New England

Roads Half-Paved After Utility Work Rile Residents

The streets can be ugly, irritating and may cost communities millions

Ron Lavertue is disappointed by the way his street is paved. Very disappointed.

"It looks like junk. I feel like a stepchild. Everybody got something new, but I didn't get anything. Why? My taxes are paid on time. What did I do wrong?" he said.

That something new was a freshly paved road for some of his neighbors. But the 200-foot stretch in front of Levartue's Winthrop home was left as is — ugly and dotted with pock marks and potholes.

"A disaster is what I see," Levartue said.

It stems from paving done this summer along Quincy Avenue by a contractor for National Grid. Some of the street is fully paved, other sections look like a jigsaw of smooth surface and cracked pavement.

"You had the equipment here. You had the tar," Levartue said. "It doesn't make sense to bring in another outfit or the same outfit and spend more money."

By law, National Grid has to repair the road to "as good a condition" as it was in before they dug it up. But, and it's a big but, they only have to fix the part of the road they worked on — no matter what the other half looks like.

In an email, National Grid told us, " would be unfair for National Grid, and ultimately its customers in other communities, to pay to improve portions of a roadway that were not disturbed by the Company but were otherwise in disrepair."

Winthrop Town Manager Austin Faison understands the frustration.

"It's totally understandable. I wouldn't want that in front of my house," he said.

"I wish we could fix it. It's as simple as that," said Faison. "Unfortunately, in a town like Winthrop, we have millions and millions of dollars worth of road work to do. We have other priorities that are dictating our funding right now."

It's not just Quincy Avenue. We found several streets throughout Winthrop that are half-paved.

"It looks terrible," said John Clukas, who lives on Tileston Street. He says the differences in the pavement can wreak havoc on cars and his bad back.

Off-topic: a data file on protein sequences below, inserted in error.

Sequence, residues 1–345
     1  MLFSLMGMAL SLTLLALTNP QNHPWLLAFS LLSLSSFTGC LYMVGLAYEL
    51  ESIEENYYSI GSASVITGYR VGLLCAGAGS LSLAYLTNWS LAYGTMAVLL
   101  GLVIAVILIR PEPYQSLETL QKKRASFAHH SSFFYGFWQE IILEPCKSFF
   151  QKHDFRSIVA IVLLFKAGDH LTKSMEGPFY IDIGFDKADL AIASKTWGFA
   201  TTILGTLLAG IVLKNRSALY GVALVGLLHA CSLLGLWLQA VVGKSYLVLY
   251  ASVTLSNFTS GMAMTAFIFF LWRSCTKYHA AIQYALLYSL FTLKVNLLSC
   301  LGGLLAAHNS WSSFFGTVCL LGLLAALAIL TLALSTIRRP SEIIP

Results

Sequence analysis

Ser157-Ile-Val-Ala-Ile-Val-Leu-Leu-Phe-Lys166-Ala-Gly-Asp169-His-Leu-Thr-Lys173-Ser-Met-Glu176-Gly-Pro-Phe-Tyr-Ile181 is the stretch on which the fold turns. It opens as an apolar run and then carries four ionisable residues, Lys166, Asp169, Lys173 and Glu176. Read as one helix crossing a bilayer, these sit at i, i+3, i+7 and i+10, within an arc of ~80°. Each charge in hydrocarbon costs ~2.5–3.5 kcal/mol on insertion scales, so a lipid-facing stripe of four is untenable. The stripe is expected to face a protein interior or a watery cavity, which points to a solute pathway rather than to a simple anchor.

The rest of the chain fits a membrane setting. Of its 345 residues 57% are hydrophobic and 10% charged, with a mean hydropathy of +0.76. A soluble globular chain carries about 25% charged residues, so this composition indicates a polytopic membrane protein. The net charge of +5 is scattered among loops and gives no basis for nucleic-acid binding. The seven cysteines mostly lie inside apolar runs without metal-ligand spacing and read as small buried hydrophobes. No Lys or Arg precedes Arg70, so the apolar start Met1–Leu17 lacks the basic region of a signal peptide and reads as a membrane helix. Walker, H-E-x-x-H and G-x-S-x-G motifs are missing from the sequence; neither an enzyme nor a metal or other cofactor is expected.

"It doesn't make sense, it just doesn't," he said.

One town that is doing it differently is Franklin.

We showed Department of Public Works Director Brutus Cantoreggi video of half-paved Quincy Avenue in Winthrop and asked him what he thought.

"It's going to fail. It's already failing. That's on it's way down," he said.

Cantoreggi says taxpayers will foot a bigger bill if they have to fix a failure than if the town had fully paved in the first place.

"Any time you break the asphalt," he said, "You create a crack in it and allow moisture to get in there — and everybody knows New England. It's ice and it gets a pothole and starts to fail."

And it's not just a problem for Winthrop. As federal regulators push utilities to aggressively replace old gas pipeline throughout the state, more communities are trying to figure out how to keep roads in top form for the least amount of money.

Cantoreggi took us to a road project in Franklin near a new housing development.

"This is a gas line that was done a couple of years ago," he said, showing us marks in the pavement.

"This is the water line, that was done this Spring and then they're doing some sewer work down there," he said, pointing to where the road was opened up.

Why so much activity so close together? Because when anyone wants to dig up the street, Cantoreggi put out the call to everyone. Need to replace gas main? A sewer line? Lay telecom cable? Then agree to get it all done at the same time — or you could be waiting years to open up the street again under a dig moratorium.

Unless there's an emergency, the street gets a full pave once and because everyone's kicking in, Franklin saved a lot of time and money.

"On this job it's a couple hundred thousand dollars," said Cantoreggi. "That extra money I'm saving I can use elsewhere in town."

Some communities are saving even more.

A 2016 study by the Metropolitan Area Planning Council analyzed projects in Worcester. They found utilities cooperatively paid for about sixty percent of the city's paving costs. There were fewer disruptions for road work throughout the year, and streets lasted longer with fewer trench patches. The city was able to pave 23 miles of road for less than 4 million dollars — what city leaders called a dramatic savings.

Homeowners like Gail Clucas say they'd like to see that savings in Winthrop.

"It needs to be fixed the right way," she said. "Our town needs to be kept in good shape. If we don't take good care of things now it's only going to get worse."

Winthrop town manager Faison says he plans to bring in engineers to survey all local roads and prioritize the ones in the worst shape. There's no guarantee any of the half-paved roads would be prioritized.

"It may be something that's worth the effort to do it, but we've got to see the data first," said Faison. "It can't just be that we have a couple people that are upset about it and we go forward."

But he did commit to considering the cooperative paving plan in more projects.

"It is something to explore in the future — to try and do better," Faison said.

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